BEIRUT: President Michel Sleiman’s decree calling for the parliamentary elections to be held on time threw the Cabinet into disarray Tuesday as ministers quarreled over the move, with some saying it was aimed at holding the polls based on the 1960 law.
The signing of the decree also sparked the ire of Speaker Nabih Berri, according to sources close to him, and drew fire from lawmakers from MP Michel Aoun’s Free Patriotic Movement, Hezbollah, the Amal Movement and Zghorta MP Suleiman Franjieh’s Marada Movement, which blasted the move as “a black day” in the history of the executive branch.
The confusion stirred by the decree, which was also signed by Prime Minister Najib Mikati Monday, has cast gloom over the possibility of holding the June 9 elections on time, let alone reaching a consensus on a new electoral law to replace the 1960 law, which has been rejected by leaders on both sides of the political divide.A heated debate erupted during Tuesday’s Cabinet session over the decree calling for the parliamentary elections to be held on June 9.
During the session, chaired by Sleiman at Baabda Palace, ministers from the FPM, Hezbollah and Amal argued that the measure would resurrect the 1960 law, Baabda sources said.
“It is a black day in the history of the executive branch,” FPM MP Ibrahim Kanaan told reporters after the MPs met in Parliament. He called for adopting the Orthodox proposal as a new electoral law.
Health Minister Ali Hasan Khalil, from Speaker Nabih Berri’s Amal Movement, said the move represented an attempt to resurrect the 1960 law: “Signing the decree is an attempt to revive the 1960 law, which was buried a long time ago.”
“We might as well appoint the members to Parliament,” Youth and Sports Minister Faisal Karami, speaking ahead of the Cabinet session, said in a sarcastic tone.
However, Social Affairs Minister Wael Abu Faour, from MP Walid Jumblatt’s Progressive Socialist Party, praised the move as a normal procedure for holding the polls on time. “Signing the decree was the right thing to do, unless some parties have the intention of postponing the elections,” he said.
Sleiman, in turn, defended his decision, saying he was merely fulfilling his constitutional duty, the sources said.
Information Minister Walid Daouk acknowledged the split within the Cabinet, saying that Sleiman and Mikati had explained that the signing of the decree was “a constitutional and legal matter.”
“The participants affirmed the respect of the constitutional deadline to hold the elections based on a new law that ensures true representation by respecting the principle of equal power sharing [between Muslims and Christians] consecrated in the Constitution,” Kanaan said.
Political sources said that while the scenario of extending the term of the incumbent Parliament until an accord is reached over a new electoral law was still the most viable option, Berri was still optimistic that rival groups would regain a “wise” attitude and agree on a new electoral law.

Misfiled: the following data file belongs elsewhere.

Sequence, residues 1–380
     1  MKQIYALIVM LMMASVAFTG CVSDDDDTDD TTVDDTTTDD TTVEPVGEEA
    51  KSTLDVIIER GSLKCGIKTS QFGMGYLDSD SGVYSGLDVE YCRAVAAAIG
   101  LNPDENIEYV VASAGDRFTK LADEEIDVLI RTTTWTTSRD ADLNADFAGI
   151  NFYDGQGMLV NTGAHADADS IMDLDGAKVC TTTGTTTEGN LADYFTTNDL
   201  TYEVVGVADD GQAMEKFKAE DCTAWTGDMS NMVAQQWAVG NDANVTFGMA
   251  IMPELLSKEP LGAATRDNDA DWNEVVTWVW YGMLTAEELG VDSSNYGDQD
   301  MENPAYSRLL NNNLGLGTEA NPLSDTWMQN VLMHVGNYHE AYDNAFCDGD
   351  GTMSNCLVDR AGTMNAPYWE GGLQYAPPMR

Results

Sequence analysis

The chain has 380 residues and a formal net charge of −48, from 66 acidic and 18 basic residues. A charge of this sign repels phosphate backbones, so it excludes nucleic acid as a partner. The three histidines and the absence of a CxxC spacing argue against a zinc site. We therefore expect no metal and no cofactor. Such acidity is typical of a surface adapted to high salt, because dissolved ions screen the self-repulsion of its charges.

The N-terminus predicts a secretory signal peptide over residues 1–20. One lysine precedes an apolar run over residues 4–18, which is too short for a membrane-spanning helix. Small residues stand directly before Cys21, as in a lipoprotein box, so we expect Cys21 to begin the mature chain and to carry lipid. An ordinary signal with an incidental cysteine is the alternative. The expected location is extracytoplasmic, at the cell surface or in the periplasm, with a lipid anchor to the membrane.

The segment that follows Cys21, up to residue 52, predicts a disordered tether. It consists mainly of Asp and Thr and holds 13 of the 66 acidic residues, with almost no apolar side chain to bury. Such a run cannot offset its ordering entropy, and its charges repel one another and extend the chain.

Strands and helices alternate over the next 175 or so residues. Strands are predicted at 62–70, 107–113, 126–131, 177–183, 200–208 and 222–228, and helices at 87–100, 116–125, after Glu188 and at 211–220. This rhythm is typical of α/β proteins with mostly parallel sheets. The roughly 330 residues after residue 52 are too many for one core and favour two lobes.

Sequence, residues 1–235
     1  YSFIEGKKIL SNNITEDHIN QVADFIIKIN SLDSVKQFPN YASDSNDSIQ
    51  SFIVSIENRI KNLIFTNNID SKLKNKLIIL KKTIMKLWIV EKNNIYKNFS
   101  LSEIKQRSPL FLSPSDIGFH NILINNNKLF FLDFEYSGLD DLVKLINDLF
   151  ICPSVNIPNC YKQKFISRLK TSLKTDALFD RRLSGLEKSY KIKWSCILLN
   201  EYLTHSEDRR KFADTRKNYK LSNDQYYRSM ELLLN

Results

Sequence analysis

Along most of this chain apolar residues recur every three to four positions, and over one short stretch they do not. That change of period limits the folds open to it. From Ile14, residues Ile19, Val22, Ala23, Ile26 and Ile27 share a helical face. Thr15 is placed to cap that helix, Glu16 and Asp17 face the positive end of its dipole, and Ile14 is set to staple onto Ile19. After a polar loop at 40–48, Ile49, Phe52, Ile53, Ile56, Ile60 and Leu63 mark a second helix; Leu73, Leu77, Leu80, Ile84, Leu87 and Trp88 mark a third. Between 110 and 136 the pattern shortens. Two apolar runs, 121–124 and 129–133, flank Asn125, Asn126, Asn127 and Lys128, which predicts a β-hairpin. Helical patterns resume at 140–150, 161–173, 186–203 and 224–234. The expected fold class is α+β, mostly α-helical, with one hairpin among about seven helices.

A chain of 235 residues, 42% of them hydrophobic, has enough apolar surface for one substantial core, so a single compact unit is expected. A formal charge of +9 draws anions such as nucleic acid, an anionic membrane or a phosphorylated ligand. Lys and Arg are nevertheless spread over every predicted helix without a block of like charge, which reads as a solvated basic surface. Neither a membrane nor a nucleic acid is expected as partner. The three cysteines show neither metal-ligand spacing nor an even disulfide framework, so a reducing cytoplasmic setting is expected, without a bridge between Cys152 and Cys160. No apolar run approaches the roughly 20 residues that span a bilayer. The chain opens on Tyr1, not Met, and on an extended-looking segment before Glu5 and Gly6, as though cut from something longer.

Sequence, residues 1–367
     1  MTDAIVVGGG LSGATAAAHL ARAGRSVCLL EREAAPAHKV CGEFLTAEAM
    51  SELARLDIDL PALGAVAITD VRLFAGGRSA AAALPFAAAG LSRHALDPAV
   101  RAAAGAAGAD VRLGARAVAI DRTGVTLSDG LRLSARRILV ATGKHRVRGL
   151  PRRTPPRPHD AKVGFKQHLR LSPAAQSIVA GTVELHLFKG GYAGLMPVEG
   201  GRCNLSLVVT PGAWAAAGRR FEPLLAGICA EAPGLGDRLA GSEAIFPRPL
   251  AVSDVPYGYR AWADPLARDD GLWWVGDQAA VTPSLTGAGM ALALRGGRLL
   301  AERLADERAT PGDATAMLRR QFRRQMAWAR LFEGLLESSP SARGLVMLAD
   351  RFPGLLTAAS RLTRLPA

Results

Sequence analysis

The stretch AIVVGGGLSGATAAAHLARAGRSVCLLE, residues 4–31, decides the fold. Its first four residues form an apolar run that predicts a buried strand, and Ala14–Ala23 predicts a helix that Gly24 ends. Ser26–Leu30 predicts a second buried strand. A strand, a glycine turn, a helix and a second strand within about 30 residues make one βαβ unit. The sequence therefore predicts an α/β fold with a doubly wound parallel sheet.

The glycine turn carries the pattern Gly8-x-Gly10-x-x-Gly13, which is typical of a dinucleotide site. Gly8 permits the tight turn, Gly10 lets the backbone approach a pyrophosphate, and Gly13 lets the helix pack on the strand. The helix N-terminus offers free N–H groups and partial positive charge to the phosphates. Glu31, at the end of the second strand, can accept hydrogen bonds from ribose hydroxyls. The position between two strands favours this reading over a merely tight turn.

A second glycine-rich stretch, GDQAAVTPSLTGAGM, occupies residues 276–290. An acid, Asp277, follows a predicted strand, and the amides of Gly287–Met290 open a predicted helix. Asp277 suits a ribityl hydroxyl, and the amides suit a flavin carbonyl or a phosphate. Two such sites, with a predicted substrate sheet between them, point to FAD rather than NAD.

Sources close to Berri told The Daily Star that he had approved of a March 8 lawmaker’s plan – in response to Sleiman’s move – to press the speaker to put the Orthodox Gathering proposal to a vote in Parliament’s general assembly after it had been approved by the joint parliamentary committees.
“Several ministers had their say on the signing of the electoral decree, but the president and the prime minister stressed that the 1960 law was clinically dead but remained valid until it was time to bury it completely,” Daouk told reporters after the meeting.
Asked whether the signing of the decree meant a return to the 1960 law, Daouk said: “In principle, no. God willing, we will not reach this result. The president and the prime minister have affirmed that discussions are under way to find an alternative electoral law, especially since the Cabinet had presented a draft law that was referred to Parliament.”
The Baabda sources said during the Cabinet meeting that both Sleiman and Mikati had stressed that the decision to sign the electoral decree did not preclude the possibility of lawmakers agreeing on a new electoral proposal.
Sleiman is pushing for a consensus among the political parties over a new modern electoral law, a Baabda source said.
“The consensus on an electoral law will be followed by the formation of a new Cabinet to supervise the elections and the revival of the National Dialogue Committee,” the source said.
He stressed the need for an agreement on an electoral law before March 20 to allow the Interior Ministry to finalize logistical preparations for the parliamentary elections.
The signing of the decree comes against the backdrop of the possibility that the polls could be delayed given rival parties’ inability to reach a consensus on a new voting system.
Meanwhile, the parliamentary Future bloc renewed its call for the formation of a neutral Cabinet to oversee the polls, saying it would work toward agreement on a new electoral law.
“We are open to dialogue on any law that represents a solution to the current crisis,” the bloc said in a statement issued after its weekly meeting. It expressed hope that efforts made by the concerned parties would lead to a legal formula that secures “the interests of everyone and protects the freedom and justness of choice and true representation.”
“However, such a solution can be reached only through [the formation of] a neutral Cabinet,” it added. – Additional reporting by Antoine Ghattas Saab